Stocks are financial assets, not real assets. Financial assets are paper assets that can be easily converted to cash. Real assets are tangible and therefore have intrinsic value. Because the definition of a financial asset, rather than that of a real asset, best describes stock, this is the category into which it falls.
An asset is something owned by an entity, such as an individual or business, that has value and can be used to meet debts and obligations. The total of an entity's assets, minus its debts, determines its net worth. Assets that are easily converted to cash are known as liquid assets. Those that cannot be converted to cash easily, such as real estate and plant equipment, are called physical assets.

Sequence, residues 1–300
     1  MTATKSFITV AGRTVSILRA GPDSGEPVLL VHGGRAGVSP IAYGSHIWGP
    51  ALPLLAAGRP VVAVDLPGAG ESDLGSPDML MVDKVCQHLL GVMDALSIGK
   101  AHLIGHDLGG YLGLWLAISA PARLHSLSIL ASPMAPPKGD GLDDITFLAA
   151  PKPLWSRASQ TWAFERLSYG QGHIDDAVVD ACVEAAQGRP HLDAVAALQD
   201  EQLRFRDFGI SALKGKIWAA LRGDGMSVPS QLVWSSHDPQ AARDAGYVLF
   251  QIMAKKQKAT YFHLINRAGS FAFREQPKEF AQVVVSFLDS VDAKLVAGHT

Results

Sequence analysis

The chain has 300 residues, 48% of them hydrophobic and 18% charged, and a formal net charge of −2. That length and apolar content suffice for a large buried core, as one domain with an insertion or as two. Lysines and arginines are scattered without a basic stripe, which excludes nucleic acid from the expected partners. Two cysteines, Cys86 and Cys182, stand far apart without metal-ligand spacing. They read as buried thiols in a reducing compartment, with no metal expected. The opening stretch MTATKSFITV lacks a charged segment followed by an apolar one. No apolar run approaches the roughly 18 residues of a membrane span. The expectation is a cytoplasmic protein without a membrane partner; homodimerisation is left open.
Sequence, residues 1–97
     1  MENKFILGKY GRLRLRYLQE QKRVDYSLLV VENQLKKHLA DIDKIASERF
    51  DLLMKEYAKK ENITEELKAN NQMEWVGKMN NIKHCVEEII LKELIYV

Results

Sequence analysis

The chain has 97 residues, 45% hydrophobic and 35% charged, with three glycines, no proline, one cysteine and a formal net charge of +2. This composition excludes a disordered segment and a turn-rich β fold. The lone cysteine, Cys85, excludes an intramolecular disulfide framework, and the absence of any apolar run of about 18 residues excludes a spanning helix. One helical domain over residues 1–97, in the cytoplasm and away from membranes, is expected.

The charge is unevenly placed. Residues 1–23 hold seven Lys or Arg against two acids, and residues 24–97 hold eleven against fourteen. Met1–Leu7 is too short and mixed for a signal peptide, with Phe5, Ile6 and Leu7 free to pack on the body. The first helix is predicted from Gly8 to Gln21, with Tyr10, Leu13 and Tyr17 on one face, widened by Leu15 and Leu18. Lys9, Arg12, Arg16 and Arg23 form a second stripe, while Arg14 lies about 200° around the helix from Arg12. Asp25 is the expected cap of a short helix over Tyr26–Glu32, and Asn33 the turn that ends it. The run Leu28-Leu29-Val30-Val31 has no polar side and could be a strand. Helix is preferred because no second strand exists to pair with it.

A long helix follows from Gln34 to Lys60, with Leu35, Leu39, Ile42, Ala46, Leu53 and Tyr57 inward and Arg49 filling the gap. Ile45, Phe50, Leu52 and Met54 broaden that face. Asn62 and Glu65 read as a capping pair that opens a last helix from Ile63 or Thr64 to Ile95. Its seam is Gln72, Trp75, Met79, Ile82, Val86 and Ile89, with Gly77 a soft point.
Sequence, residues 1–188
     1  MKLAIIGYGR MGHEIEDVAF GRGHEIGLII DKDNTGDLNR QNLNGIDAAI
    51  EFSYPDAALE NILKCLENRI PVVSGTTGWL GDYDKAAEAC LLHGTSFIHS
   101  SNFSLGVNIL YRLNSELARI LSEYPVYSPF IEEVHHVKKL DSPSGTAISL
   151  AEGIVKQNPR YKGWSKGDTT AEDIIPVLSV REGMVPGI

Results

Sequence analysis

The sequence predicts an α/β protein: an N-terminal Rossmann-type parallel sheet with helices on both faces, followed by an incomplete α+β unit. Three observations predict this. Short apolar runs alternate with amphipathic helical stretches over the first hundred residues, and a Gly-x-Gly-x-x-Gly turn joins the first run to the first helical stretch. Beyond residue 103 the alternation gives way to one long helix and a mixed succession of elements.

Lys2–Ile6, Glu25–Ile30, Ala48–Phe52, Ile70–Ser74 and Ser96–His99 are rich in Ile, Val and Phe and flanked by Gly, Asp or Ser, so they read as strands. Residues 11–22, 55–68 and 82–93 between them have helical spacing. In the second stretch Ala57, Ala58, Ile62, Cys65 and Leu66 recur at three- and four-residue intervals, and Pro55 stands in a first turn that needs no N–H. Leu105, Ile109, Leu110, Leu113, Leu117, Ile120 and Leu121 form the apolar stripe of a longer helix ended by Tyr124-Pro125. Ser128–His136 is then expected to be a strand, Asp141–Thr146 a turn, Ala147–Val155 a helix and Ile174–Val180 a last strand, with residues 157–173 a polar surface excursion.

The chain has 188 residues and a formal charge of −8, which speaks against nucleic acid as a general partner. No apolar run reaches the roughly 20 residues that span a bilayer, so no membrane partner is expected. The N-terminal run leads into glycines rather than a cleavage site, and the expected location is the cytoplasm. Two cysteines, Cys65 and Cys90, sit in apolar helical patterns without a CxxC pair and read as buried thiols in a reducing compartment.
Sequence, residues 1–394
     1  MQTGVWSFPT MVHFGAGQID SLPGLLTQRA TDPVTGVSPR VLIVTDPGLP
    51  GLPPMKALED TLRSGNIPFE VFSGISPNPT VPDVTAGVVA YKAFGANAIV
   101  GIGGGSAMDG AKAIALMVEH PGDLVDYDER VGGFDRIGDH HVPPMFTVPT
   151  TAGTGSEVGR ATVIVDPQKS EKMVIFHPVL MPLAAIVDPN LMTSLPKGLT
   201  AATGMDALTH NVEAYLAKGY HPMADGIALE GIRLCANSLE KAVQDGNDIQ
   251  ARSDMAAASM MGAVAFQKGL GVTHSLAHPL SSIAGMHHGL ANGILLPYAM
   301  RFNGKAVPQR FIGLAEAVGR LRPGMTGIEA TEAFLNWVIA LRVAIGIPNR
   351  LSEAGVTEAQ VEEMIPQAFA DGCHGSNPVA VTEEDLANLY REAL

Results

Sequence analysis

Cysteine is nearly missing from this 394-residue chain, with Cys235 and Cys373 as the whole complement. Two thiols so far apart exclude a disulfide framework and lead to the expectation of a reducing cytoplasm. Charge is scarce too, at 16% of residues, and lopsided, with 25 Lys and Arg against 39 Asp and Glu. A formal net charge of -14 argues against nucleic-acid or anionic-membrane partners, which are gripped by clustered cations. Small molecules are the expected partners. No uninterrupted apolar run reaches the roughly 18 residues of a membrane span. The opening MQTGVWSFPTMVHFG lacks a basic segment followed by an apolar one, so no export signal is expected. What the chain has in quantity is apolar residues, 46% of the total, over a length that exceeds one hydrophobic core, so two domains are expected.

Real Assets Vs. Financial Assets
Another important distinction is between real assets and financial assets. The Venn diagram of real assets and physical assets has significant overlap, as does that of financial assets and liquid assets.
Real assets are so named because they can usually be seen and touched. They are tangible assets with physical properties. A company truck, a building owned by an entity, a piece of farm equipment; these are all examples of real assets.
Financial assets, such as stocks, cannot be seen or touched, but they represent value to the entity that owns them. Unlike real assets, stocks and other financial assets can be converted to cash quickly when needed. Ideally, companies desire a mix of real and financial assets, though the ideal breakdown between the two varies greatly by industry.